Anyone who is interested in fort insight into the historical context of his Japan came to be “potter’s paradise,” the tension between art and craft in ceramics, and the roots of Japan’s enormous valuation of pottery and the “living national treasures” that create it would do well to read through this one.

Highly recommended.

My New Year in Pictures

Rather than a tired resolution post or whatever, I thought I’d just post some picture I took over the end of 2022 and the beginning of 2023. I’m also trying to ensure that I include captions for screen readers, which WordPress seems to struggle with when it comes to galleries. Patience, please.

Locations include Shunan city’s Eigenzan park, Tokuyama Zoo, Nijigahama Beach, Yanai Adeli Hoshi Park, and Mt. Taika in Shunan.

Captions for slide show: 1. A brilliant pink and yellow flower against green leaves. 2. A pale piece of driftwood that resembles some kind of beast’s skull, atop a pine-needle bedding. 3. A small green bird perched on a bare branch, with a bright pink flower nearby. 4. The silhouette of a bird encircled by leafy, flowered branches.

A tricky term – オカルト

Today’s conundrum: Is オカルト a false friend for “occult,” or not?


In Japan, for example, writers who dabble in horror, mystery, and stories with a weird, dark edge are often labeled オカルト (okaruto, a direct transliteration of “occult), and there are things like オカルトサークル (okaruto sa-kuru – occult circles), which are clubs that discuss and share information about things like urban legends (a very common theme on オカルト websites, it appears), strange true crime stuff, and related fiction.

But calling those “occult writers” or “occult clubs” seems, to me, to have entirely different connotations. I feel like the label “occult” is strongly associated with witchcraft and mystical secrets, rather than “eerie stuff in general.” The dictionary definition tends to point that way, too, but of course dictionaries always lag behind popular usage.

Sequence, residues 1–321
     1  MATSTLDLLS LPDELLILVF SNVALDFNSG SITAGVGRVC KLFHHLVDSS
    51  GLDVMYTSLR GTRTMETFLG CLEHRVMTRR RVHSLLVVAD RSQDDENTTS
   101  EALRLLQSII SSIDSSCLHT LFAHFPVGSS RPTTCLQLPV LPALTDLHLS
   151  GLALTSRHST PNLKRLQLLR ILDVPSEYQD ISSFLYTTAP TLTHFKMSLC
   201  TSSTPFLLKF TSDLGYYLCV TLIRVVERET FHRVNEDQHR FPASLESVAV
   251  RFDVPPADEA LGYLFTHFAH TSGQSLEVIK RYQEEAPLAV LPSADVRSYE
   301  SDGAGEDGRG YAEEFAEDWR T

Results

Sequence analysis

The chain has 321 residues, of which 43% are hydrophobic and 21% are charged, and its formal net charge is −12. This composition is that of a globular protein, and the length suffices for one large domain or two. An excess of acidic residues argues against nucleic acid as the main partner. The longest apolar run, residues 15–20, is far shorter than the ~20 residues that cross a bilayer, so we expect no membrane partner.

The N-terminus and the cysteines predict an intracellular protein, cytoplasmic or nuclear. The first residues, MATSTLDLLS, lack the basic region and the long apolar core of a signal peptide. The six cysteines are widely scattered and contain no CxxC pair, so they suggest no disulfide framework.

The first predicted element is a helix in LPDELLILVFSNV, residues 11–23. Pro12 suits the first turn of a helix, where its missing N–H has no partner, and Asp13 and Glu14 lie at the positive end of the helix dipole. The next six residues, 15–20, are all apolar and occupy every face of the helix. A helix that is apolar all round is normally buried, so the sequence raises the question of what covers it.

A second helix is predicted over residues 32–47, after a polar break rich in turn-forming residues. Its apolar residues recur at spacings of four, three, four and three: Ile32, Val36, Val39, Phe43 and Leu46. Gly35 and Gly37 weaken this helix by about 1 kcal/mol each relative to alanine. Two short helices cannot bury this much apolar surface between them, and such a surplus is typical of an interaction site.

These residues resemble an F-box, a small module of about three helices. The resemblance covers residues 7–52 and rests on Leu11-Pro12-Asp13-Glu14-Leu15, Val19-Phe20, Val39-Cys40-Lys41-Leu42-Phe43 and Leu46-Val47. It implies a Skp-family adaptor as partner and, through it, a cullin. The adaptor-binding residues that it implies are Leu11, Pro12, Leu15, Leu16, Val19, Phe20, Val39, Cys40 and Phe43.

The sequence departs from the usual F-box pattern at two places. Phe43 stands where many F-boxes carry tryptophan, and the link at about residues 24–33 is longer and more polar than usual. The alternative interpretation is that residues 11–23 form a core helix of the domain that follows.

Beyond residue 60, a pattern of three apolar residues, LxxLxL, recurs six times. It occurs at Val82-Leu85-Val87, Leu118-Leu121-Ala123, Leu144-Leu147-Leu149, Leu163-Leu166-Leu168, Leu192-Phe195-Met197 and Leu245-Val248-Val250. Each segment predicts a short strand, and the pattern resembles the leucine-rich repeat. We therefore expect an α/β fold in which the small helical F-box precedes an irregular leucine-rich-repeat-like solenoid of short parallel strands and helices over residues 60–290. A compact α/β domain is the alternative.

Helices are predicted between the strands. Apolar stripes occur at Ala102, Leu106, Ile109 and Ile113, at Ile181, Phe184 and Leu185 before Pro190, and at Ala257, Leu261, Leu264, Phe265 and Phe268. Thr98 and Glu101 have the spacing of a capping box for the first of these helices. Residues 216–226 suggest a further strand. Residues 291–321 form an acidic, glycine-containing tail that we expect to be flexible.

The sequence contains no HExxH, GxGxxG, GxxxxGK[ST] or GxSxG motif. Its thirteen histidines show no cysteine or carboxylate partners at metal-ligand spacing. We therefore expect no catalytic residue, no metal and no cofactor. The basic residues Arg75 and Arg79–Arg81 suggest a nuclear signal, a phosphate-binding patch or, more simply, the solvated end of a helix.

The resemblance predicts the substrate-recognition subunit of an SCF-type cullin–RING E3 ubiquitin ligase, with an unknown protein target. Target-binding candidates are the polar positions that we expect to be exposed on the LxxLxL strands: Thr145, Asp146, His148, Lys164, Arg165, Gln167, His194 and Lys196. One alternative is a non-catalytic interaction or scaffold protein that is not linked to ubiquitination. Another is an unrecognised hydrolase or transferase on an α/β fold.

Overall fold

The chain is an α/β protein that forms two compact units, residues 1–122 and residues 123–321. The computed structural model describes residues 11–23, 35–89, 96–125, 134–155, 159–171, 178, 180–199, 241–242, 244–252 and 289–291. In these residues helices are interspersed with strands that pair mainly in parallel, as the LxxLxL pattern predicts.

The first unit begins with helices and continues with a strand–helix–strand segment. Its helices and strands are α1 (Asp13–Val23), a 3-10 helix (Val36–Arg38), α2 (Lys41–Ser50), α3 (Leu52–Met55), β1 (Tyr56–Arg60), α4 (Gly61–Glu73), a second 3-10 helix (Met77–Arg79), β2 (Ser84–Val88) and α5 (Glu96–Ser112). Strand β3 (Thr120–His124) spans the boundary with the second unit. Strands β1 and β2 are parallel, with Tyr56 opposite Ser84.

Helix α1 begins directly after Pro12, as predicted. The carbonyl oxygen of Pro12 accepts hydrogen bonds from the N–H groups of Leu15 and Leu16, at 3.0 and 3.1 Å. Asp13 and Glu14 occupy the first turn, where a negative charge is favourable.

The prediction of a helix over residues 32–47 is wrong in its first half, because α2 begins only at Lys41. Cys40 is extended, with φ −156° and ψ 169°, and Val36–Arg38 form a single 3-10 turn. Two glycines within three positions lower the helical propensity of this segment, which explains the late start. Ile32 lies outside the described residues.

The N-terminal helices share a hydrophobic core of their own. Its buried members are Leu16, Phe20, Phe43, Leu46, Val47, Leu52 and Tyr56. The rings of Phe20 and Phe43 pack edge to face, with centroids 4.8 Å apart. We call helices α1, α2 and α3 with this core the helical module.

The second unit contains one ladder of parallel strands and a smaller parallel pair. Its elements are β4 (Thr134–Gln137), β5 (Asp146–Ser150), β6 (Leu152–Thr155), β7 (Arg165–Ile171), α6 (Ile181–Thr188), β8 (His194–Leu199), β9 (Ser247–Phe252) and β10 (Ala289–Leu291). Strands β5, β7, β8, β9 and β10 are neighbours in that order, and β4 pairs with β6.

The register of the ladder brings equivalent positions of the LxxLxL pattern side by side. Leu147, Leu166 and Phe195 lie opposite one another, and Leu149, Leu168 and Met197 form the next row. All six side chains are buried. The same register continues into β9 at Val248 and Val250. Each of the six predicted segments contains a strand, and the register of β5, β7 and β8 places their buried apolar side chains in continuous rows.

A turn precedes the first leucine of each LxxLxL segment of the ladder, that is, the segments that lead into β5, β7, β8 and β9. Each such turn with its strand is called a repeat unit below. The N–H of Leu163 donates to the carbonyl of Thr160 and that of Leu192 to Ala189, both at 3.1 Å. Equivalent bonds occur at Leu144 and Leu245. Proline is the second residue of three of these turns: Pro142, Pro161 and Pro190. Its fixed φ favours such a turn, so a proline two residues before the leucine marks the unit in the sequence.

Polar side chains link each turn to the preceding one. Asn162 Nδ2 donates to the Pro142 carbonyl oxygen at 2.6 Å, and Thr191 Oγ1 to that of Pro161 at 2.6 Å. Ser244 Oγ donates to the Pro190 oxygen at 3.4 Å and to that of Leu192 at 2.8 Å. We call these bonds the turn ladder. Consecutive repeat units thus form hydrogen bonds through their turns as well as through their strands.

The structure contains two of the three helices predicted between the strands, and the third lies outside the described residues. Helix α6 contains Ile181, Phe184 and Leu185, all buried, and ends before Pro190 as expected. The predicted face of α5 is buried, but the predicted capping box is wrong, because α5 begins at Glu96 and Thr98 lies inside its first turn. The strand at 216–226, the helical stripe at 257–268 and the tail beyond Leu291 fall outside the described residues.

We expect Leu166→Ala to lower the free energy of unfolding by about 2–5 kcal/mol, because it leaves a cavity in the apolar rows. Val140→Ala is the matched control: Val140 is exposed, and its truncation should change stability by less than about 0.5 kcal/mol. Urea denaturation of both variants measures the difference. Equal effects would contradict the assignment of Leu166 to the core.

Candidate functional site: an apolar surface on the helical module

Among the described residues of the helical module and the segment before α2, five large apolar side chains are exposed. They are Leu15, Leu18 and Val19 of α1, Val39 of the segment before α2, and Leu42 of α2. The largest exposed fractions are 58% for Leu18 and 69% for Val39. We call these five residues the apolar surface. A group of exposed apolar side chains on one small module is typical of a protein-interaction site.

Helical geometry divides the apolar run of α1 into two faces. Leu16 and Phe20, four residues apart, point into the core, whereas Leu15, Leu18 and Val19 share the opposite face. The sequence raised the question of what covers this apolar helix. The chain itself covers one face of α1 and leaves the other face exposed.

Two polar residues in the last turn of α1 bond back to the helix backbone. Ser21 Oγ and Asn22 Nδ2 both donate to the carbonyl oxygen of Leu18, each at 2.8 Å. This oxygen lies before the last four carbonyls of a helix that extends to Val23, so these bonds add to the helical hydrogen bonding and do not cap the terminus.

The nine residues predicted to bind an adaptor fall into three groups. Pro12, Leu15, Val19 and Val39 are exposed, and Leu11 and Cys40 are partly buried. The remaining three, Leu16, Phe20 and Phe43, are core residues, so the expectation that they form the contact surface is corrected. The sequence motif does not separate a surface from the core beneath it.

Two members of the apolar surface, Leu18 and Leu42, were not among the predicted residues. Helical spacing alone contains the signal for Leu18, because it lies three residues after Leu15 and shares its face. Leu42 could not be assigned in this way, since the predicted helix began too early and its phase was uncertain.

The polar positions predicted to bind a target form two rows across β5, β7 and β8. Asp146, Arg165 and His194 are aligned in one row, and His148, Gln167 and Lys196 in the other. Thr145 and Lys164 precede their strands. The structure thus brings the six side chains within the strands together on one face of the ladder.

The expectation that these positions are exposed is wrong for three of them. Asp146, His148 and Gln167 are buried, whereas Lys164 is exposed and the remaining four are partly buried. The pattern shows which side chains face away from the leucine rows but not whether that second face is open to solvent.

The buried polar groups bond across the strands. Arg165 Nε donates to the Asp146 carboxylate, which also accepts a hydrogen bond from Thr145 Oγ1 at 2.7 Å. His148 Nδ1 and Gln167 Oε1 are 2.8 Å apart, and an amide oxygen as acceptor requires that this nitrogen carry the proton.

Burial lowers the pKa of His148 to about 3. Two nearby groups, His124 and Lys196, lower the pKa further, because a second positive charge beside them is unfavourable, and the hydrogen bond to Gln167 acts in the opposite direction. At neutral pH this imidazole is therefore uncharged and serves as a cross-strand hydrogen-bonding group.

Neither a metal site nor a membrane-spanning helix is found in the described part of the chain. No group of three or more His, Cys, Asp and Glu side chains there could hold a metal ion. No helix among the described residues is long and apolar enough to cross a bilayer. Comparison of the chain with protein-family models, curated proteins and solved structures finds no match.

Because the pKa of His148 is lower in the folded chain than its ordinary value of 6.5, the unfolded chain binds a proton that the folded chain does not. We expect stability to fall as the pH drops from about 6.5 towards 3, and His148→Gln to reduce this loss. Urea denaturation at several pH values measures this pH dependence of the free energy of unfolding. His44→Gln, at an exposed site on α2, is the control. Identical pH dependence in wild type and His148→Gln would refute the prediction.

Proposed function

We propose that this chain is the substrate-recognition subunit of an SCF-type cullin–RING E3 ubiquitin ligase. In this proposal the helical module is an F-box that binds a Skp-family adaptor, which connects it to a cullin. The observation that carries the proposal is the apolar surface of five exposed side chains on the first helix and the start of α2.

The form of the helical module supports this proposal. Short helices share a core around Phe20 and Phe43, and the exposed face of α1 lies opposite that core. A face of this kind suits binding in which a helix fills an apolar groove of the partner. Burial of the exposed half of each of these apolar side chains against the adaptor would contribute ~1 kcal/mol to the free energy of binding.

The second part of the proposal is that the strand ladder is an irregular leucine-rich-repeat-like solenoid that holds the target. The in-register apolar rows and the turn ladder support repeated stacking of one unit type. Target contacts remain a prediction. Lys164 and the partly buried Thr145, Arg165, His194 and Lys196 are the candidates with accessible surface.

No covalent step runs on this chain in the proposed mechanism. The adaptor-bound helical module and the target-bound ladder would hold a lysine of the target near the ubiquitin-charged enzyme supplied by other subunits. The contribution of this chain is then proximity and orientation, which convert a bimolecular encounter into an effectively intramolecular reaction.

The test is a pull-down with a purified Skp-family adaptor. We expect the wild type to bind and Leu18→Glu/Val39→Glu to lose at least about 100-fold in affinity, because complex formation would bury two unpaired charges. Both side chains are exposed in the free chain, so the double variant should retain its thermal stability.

A look at the massive Wikipedia list of “occult writers” in English clearly shows a leaning that way: people like Anton LaVey, Aleister Crowley, Madame Blavatsky, and Simon Magus. More popular writers listed include Lovecraft, Robert Anton Wilson, Carlos Castaneda, and W. B. Yeats. Clearly, these writer seem connected by a focus on mysticism and the secret layers of reality, rather than “could-be-true scary stuff.” Again, this is not any kind of definitive list, but I do think it reflects the popular perception of the word.

The upshot of all this is, if I wanted to write about a Japanese オカルト writer, what would I call them? An eerie writer? A dark writer? A writer of the hidden world?

I wonder if anyone else thinks about this stuff?

2022 – Year in Review

It might be a bit premature, but as it looks like I’m moving into the year-end holidays a little early, I think this is as good a time as any to look back on my work life during 2022

Despite the ongoing pandemic, this was one of my most productive and exciting years as a translator and writer.

The cover of the book Discovering Yamaguchi Sake by me, Jim Rion. It features scans of Japanese sake labels from every brewery in Yamaguchi.

The biggest individual developments were two books. I signed a contract with Stone Bridge Press to publish my book Discovering Yamaguchi Sake in February, and signed with Pushkin to translate Akuma ga kitarite fue wo fuku/The Devil’s Flute Murders in June. Both books are coming out in 2023, and do feel free to buy as many as you want!

Read more about those here: Discovering Yamaguchi Sake and Coming Soon: The Devil’s Flute Murders

The cover of the book The Devil's Flute Murders. It features an outstretched hand, looking limp, and near it a fallen bottle of what looks like poison.

I also had a big year on other fronts that might break down a little more numerically.

I translated 285 pages worth of articles for Nippon.com, which is over 100,000 characters by their count.

As for other random website and article translations, it looks like I did over 450,000 characters worth.

I also wrote seven articles for outlets like Sake Today (upcoming), Sake Times, Nippon.Com, and AllAbout Japan.

I hosted online events, made connections, and generally made good use of my time. I also took some photography classes and started getting serious about learning to take proper pictures for my stories.

I plan to make use of all this experience in 2023 with a new book (I’m thinking pottery, this time), and hopefully another book translation.

Despite lots of chaos on the global scale, personally, 2022 was pretty good. I hope you can find a way to say the same.

Happy Holidays, and peace be on you all.